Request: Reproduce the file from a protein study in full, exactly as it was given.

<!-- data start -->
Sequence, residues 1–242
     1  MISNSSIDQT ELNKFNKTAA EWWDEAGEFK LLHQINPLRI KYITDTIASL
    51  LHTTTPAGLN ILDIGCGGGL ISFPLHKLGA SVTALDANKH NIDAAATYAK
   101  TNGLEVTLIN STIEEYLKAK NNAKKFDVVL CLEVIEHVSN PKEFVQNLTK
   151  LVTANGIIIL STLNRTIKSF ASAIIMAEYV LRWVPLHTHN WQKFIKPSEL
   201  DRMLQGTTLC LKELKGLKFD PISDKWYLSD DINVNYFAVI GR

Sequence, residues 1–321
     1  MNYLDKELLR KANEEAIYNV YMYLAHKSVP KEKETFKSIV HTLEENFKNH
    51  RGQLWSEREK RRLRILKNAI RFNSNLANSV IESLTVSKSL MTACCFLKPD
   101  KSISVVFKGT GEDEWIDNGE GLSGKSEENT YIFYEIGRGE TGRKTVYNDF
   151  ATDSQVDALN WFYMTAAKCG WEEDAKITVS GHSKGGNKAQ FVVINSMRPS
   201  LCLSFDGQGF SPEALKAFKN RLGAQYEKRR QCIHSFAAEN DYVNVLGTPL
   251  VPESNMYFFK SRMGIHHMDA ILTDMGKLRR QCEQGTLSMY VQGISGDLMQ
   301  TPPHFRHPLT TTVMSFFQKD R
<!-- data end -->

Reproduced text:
Sequence, residues 1–242
     1  MISNSSIDQT ELNKFNKTAA EWWDEAGEFK LLHQINPLRI KYITDTIASL
    51  LHTTTPAGLN ILDIGCGGGL ISFPLHKLGA SVTALDANKH NIDAAATYAK
   101  TNGLEVTLIN STIEEYLKAK NNAKKFDVVL CLEVIEHVSN PKEFVQNLTK
   151  LVTANGIIIL STLNRTIKSF ASAIIMAEYV LRWVPLHTHN WQKFIKPSEL
   201  DRMLQGTTLC LKELKGLKFD PISDKWYLSD DINVNYFAVI GR

Sequence, residues 1–321
     1  MNYLDKELLR KANEEAIYNV YMYLAHKSVP KEKETFKSIV HTLEENFKNH
    51  RGQLWSEREK RRLRILKNAI RFNSNLANSV IESLTVSKSL MTACCFLKPD
   101  KSISVVFKGT GEDEWIDNGE GLSGKSEENT YIFYEIGRGE TGRKTVYNDF
   151  ATDSQVDALN WFYMTAAKCG WEEDAKITVS GHSKGGNKAQ FVVINSMRPS
   201  LCLSFDGQGF SPEALKAFKN RLGAQYEKRR QCIHSFAAEN DYVNVLGTPL
   251  VPESNMYFFK SRMGIHHMDA ILTDMGKLRR QCEQGTLSMY VQGISGDLMQ
   301  TPPHFRHPLT TTVMSFFQKD R